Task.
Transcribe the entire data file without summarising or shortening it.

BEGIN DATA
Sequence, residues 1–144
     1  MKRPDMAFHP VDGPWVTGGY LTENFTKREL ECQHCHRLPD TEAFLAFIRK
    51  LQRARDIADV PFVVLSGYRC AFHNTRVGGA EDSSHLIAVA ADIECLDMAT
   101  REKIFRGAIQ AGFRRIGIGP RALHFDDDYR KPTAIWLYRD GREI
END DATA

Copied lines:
Sequence, residues 1–144
     1  MKRPDMAFHP VDGPWVTGGY LTENFTKREL ECQHCHRLPD TEAFLAFIRK
    51  LQRARDIADV PFVVLSGYRC AFHNTRVGGA EDSSHLIAVA ADIECLDMAT
   101  REKIFRGAIQ AGFRRIGIGP RALHFDDDYR KPTAIWLYRD GREI